Yule House, MelbourneIn a way the spandrel immediately above the entrance echos the very top of the building. The 'speed lines' are again interruped, this time by the name Yule House and there is a fourth line which cover the entire width of the spandrel. This spandrel serves as the base for the stepped vertical columns so unlike the top of the building the do continue to the very edge of the building and are much more visible on the right hand side. In turn, this bottom spandrel is supported by an arrangement of three stepped elements which not only step back towards the building from the street but also towards the edges of the building opening up the view of the windows and entrance.

The windows are copper framed and a single door in recessed into the building leading to a small foyer. Yule House is again spelt out in the metalwork above the door.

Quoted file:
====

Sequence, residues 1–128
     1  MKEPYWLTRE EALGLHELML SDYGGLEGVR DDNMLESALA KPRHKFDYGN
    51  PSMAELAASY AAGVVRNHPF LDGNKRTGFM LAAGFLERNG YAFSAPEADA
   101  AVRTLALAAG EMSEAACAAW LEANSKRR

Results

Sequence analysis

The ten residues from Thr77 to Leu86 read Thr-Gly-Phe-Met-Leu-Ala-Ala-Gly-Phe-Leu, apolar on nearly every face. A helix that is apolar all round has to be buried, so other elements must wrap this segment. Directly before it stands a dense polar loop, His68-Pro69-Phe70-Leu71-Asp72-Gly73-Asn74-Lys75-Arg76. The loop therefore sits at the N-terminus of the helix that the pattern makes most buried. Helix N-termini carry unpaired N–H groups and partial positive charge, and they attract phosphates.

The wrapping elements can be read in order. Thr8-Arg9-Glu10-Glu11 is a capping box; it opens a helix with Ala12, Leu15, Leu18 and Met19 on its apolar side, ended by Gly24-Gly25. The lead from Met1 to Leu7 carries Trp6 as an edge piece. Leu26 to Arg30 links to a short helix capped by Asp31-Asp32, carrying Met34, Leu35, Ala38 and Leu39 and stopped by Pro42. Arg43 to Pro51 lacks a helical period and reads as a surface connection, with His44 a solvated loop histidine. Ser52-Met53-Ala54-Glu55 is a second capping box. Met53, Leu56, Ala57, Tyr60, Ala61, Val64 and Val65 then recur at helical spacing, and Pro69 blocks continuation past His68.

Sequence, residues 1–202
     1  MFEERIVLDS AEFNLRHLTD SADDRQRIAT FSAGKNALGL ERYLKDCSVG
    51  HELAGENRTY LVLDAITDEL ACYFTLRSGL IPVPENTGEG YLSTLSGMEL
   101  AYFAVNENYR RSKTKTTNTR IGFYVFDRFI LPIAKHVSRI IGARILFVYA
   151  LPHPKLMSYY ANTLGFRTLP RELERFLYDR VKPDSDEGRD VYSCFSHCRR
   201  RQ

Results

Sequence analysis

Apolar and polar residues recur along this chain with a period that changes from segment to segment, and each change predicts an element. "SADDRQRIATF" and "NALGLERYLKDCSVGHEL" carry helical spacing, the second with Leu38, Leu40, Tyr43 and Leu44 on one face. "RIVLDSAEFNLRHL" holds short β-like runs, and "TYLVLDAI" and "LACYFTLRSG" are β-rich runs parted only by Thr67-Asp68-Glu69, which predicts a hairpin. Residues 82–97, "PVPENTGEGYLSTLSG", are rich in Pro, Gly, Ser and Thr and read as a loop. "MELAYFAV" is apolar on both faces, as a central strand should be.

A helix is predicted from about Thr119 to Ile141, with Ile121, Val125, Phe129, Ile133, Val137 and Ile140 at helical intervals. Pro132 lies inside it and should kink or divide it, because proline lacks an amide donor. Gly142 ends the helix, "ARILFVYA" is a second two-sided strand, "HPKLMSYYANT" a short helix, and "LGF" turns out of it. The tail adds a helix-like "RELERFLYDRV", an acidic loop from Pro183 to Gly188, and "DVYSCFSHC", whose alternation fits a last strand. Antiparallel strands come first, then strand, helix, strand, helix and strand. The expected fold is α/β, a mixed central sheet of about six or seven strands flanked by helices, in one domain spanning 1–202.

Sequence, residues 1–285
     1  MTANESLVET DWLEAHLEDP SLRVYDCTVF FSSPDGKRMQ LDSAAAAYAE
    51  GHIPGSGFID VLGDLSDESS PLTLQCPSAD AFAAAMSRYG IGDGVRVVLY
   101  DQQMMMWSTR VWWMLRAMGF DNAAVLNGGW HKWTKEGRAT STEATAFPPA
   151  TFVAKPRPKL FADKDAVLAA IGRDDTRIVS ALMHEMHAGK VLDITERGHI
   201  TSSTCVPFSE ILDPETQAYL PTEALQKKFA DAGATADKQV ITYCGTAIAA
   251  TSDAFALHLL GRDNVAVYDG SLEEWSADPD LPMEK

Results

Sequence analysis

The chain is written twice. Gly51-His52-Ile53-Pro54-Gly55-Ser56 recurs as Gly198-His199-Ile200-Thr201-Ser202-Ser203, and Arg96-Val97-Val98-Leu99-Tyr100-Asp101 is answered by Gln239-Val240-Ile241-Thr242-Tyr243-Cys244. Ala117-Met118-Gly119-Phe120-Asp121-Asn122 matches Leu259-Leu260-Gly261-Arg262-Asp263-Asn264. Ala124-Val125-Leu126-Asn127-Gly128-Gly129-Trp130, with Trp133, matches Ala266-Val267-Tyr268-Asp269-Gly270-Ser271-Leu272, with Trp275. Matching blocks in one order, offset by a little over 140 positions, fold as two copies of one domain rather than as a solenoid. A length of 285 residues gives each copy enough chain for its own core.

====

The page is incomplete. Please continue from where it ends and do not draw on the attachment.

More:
I started by saying this is a sweet little building. It sure packs a lot of elements into a tight piece of real estate and it is only 5 storeys tall so it is all laid out before you from street level. I do love the New York skyscrpaers but this is a lovely human scale building and I think it is very special.

Sunday, March 9, 2008

Capitol Cinema, Asmara

Capitol Cinema, Asmara, EritreaThe Capitol Cinema in Asmara is a rather brutal building that looks to me more like a prison than a cinema. The most striking feature is the four bands of small windows with thick conrete frames in the upper part of the facade. Smaller versions adorn the the curved corners of the lower level.